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As filed with the Securities and Exchange Commission on January 30, 2024
Registration No. 333-276562
UNITED STATES
SECURITIES AND EXCHANGE COMMISSION
Washington, D.C. 20549
AMENDMENT NO. 1
to
FORM S-1
REGISTRATION STATEMENT UNDER THE SECURITIES ACT OF 1933
Nuwellis, Inc.
(Exact name of registrant as specified in its charter)
Delaware
3845
68-0533453
(State or Other Jurisdiction of
Incorporation or Organization)
(Primary Standard Industrial
Classification Code Number)
(I.R.S. Employer
Identification Number)
12988 Valley View Road
Eden Prairie, Minnesota 55344
(952) 345-4200
(Address, Including Zip Code, and Telephone Number, Including Area Code, of Registrant’s Principal Executive Offices)
Nestor Jaramillo, Jr.
Chief Executive Officer
Nuwellis, Inc.
12988 Valley View Road
Eden Prairie, Minnesota 55344
(952) 345-4200
(Name, Address, Including Zip Code, and Telephone Number, Including Area Code, of Agent for Service)
Copies to:
Phillip D. Torrence
Honigman LLP
650 Trade Centre Way, Suite 200
Kalamazoo, MI 49002
Tel: (269) 337-7700
Fax: (269) 337-7703
Neil P. Ayotte
Senior Vice President, General
Counsel,
Secretary and Chief Compliance
Officer
Nuwellis, Inc.
12988 Valley View Road
Eden Prairie, Minnesota 55344
Tel: (952) 345-4200
David E. Danovitch
Aaron M. Schleicher
Sullivan & Worcester LLP
1633 Broadway
New York, New York 10019
(212) 660-3060
Approximate date of commencement of proposed sale to the public: As soon as practicable after the effective date of this registration statement.
If any of the securities being registered on this Form are to be offered on a delayed or continuous basis pursuant to Rule 415 under the Securities Act of 1933, check the following box. ☒
If this Form is filed to register additional securities for an offering pursuant to Rule 462(b) under the Securities Act, check the following box and list the Securities Act registration statement number of the earlier effective registration statement for the same offering.
If this Form is a post-effective amendment filed pursuant to Rule 462(c) under the Securities Act, check the following box and list the Securities Act registration statement number of the earlier effective registration statement for the same offering.
If this Form is a post-effective amendment filed pursuant to Rule 462(d) under the Securities Act, check the following box and list the Securities Act registration statement number of the earlier effective registration statement for the same offering.
Indicate by check mark whether the registrant is a large accelerated filer, an accelerated filer, a non-accelerated filer, a smaller reporting company, or an emerging growth company. See the definitions of “large accelerated filer,” “accelerated filer,” “smaller reporting company” and “emerging growth company” in Rule 12b-2 of the Exchange Act:
Large accelerated filer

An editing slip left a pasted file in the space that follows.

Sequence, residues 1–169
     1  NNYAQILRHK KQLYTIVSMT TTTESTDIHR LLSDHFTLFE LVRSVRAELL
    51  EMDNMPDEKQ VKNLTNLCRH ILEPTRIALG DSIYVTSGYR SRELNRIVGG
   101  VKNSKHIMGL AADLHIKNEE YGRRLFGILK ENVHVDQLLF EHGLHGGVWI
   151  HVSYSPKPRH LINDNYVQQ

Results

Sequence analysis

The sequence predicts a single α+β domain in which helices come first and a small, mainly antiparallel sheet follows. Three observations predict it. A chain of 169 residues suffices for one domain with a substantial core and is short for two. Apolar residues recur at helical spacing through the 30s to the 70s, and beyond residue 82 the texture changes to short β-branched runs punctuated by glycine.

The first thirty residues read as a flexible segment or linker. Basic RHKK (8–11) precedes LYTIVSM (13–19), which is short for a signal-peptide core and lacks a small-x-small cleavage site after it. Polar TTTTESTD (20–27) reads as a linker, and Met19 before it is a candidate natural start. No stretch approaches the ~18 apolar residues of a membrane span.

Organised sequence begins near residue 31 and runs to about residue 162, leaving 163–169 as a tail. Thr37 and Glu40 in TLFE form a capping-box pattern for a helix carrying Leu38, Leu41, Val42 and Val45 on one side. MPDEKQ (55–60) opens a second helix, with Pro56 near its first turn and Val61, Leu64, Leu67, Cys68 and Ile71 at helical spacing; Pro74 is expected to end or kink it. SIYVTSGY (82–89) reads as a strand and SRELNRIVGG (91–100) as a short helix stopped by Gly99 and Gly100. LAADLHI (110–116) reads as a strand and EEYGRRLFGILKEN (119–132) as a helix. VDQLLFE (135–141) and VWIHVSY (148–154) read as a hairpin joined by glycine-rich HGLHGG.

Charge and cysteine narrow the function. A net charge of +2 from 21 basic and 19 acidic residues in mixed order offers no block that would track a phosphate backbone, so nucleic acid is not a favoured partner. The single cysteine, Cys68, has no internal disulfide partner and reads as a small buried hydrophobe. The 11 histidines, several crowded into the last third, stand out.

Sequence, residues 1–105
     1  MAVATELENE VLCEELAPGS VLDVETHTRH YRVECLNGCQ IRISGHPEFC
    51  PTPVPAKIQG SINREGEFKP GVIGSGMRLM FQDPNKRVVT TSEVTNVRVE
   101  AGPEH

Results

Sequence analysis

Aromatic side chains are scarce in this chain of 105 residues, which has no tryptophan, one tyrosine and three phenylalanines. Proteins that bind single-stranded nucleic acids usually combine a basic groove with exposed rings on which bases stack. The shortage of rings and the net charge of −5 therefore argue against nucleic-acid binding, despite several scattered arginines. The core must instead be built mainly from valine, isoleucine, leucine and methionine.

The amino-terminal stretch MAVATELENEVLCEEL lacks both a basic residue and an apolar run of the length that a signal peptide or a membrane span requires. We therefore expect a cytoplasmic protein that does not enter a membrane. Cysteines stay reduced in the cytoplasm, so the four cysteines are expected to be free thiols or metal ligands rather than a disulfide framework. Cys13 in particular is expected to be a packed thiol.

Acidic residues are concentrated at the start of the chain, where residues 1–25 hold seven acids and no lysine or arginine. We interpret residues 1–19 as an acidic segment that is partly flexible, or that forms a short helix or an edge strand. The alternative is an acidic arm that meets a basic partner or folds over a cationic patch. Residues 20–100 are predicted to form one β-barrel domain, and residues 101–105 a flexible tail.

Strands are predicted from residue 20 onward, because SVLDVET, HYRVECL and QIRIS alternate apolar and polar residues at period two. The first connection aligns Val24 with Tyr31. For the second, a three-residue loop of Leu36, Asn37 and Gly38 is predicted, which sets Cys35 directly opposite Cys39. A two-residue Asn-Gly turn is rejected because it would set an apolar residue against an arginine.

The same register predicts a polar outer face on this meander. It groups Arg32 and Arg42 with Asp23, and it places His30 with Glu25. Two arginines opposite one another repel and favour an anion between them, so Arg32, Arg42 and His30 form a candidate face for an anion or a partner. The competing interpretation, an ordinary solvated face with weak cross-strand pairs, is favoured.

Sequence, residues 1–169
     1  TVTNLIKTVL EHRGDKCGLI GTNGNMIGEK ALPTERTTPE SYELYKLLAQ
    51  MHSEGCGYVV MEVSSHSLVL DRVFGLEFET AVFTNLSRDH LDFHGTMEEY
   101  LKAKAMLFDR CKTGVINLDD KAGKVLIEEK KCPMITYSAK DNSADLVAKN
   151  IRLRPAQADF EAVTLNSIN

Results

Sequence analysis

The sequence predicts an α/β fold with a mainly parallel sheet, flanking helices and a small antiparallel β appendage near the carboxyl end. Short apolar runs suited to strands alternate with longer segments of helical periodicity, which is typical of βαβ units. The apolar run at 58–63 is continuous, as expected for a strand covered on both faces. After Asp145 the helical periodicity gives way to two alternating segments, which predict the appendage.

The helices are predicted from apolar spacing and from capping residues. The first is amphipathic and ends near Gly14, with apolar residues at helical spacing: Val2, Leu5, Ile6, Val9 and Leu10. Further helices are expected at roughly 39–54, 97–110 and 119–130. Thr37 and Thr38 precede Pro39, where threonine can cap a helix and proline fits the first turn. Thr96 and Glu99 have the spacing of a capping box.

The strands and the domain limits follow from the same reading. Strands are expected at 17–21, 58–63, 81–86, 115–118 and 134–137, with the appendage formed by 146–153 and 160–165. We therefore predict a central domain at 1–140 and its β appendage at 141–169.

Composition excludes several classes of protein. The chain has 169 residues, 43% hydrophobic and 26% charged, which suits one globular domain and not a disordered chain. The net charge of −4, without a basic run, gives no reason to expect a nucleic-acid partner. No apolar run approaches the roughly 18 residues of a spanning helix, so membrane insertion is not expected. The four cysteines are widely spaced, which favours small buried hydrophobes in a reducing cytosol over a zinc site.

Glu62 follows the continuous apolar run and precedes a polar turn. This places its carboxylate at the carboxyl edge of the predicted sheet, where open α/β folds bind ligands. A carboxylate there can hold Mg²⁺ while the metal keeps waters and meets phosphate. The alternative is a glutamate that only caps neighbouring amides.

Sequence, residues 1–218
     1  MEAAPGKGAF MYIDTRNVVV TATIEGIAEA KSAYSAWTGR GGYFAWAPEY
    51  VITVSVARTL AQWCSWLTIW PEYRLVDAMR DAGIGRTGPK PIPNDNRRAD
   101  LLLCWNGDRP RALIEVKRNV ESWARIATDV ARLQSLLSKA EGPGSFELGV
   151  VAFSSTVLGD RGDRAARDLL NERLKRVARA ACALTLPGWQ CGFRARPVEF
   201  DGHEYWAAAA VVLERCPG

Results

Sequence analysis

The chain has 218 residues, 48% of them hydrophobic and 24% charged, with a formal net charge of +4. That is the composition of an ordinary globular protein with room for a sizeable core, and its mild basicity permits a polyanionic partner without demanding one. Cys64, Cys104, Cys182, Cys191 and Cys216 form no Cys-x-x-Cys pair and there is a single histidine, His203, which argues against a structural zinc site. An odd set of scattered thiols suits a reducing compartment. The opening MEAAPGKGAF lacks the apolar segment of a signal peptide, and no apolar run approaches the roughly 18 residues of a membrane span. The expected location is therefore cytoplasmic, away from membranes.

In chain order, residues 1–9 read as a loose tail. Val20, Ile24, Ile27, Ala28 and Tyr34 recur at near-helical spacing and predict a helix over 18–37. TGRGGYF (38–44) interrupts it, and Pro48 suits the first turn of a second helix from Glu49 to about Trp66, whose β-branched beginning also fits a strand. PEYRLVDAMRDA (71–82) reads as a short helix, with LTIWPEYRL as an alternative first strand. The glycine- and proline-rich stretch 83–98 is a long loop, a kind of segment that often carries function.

Accelerated filer
Non-accelerated filer
Smaller reporting company
 
 
Emerging growth company
If an emerging growth company, indicate by check mark if the registrant has elected not to use the extended transition period for complying with any new or revised financial accounting standards provided pursuant to Section 7(a)(2)(B) of the Securities Act.
The registrant hereby amends this registration statement on such date or dates as may be necessary to delay its effective date until the registrant shall file a further amendment which specifically states that this registration statement shall thereafter become effective in accordance with Section 8(a) of the Securities Act of 1933 or until the registration statement shall become effective on such date as the Commission, acting pursuant to said Section 8(a), may determine.

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The information contained in this preliminary prospectus is not complete and may be changed. We may not sell these securities until the registration statement relating to these securities filed with the Securities and Exchange Commission is effective. This preliminary prospectus is not an offer to sell these securities and they are not soliciting an offer to buy these securities in any jurisdiction where any such offer or sale is not permitted.
SUBJECT TO COMPLETION, DATED JANUARY 30, 2024
PRELIMINARY PROSPECTUS
graphic
NUWELLIS, INC.
Up to 16,326,530 Units consisting of
16,326,530 Shares of Common Stock and
16,326,530 Common Warrants to purchase up to 16,326,530 Shares of Common Stock
Up to 16,326,530 Shares of Common Stock Underlying the Common Warrants included in the Units

Up to 16,326,530 Pre-Funded Units consisting of
16,326,530 Pre-Funded Warrants to purchase up to 16,326,530 Shares of Common Stock and
16,326,530 Common Warrants to purchase up to 16,326,530 Shares of Common Stock

Up to 16,326,530 Shares of Common Stock Underlying the Pre-Funded Warrants included in the Pre-Funded Units
Up to 16,326,530 Shares of Common Stock Underlying the Common Warrants included in the Pre-Funded Units